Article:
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Unfolding dynamics of the mucin SEA domain probed by force spectroscopy suggest that it acts as a cell-protective device.

Journal article
Authors Thaher Pelaseyed
Michael Zäch
Asa C Petersson
Frida Svensson
Denny G A Johansson
Gunnar C. Hansson
Published in The FEBS journal
Volume 280
Issue 6
Pages 1491-501
ISSN 1742-4658
Publication year 2013
Published at Institute of Biomedicine, Department of Medical Biochemistry and Cell Biology
Pages 1491-501
Language en
Links dx.doi.org/10.1111/febs.12144
Keywords Animals, Biomechanics, CHO Cells, Cell Membrane, chemistry, Cricetinae, Enzyme-Linked Immunosorbent Assay, Microscopy, Atomic Force, methods, Models, Molecular, Mucin-1, chemistry, genetics, Mutagenesis, Site-Directed, Protein Conformation, Protein Stability, Protein Structure, Tertiary, Protein Unfolding, Proteolysis, Recombinant Proteins, chemistry, genetics, Stress, Mechanical, Temperature, Transfection
Subject categories Basic Medicine

Abstract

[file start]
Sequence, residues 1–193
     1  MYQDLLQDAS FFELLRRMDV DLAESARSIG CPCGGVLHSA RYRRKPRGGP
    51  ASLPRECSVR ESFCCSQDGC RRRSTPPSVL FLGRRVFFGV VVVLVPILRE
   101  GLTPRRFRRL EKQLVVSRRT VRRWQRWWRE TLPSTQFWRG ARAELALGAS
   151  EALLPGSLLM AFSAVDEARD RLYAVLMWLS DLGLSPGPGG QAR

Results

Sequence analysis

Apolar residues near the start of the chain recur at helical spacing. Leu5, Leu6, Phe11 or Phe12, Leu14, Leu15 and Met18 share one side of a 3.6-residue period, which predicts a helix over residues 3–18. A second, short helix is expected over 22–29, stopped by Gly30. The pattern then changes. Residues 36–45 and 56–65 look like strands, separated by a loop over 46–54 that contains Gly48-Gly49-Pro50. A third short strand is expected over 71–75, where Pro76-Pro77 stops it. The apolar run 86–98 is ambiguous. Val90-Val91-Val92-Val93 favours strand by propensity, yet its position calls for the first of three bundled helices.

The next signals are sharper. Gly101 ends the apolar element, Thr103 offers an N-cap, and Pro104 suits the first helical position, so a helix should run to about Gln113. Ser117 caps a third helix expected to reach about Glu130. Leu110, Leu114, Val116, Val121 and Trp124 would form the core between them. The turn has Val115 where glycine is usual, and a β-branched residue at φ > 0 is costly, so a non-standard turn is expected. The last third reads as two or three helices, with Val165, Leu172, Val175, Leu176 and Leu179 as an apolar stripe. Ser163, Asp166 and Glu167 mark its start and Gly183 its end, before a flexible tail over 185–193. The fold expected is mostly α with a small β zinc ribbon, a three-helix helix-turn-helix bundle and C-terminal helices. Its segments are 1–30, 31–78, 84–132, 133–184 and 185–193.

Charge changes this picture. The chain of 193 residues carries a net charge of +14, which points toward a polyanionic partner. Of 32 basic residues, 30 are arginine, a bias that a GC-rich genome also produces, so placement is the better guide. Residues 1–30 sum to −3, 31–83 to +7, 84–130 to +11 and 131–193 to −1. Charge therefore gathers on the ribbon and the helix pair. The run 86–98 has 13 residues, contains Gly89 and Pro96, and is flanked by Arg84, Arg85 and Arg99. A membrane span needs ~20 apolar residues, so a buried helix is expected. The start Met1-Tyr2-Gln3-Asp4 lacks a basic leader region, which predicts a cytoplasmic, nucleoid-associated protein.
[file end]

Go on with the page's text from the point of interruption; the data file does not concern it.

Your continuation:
MUC1 and other membrane-associated mucins harbor long, up to 1 μm, extended highly glycosylated mucin domains and sea urchin sperm protein, enterokinase and agrin (SEA) domains situated on their extracellular parts. These mucins line luminal tracts and organs, and are anchored to the apical cell membrane by a transmembrane domain. The SEA domain is highly conserved and undergoes a molecular strain-dependent autocatalytic cleavage during folding in the endoplasmic reticulum, a process required for apical plasma membrane expression. To date, no specific function has been designated for the SEA domain. Here, we constructed a recombinant protein consisting of three SEA domains in tandem and used force spectroscopy to assess the dissociation force required to unfold individual, folded SEA domains. Force-distance curves revealed three peaks, each representing unfolding of a single SEA domain. Fitting the observed unfolding events to a worm-like chain model yielded an average contour length of 32 nm per SEA domain. Analysis of forces applied on the recombinant protein revealed an average unfolding force of 168 pN for each SEA domain at a loading rate of 25 nN·s(-1). Thus, the SEA domain may act as a breaking point that can dissociate before the plasma membrane is breached when mechanical forces are applied to cell surfaces.

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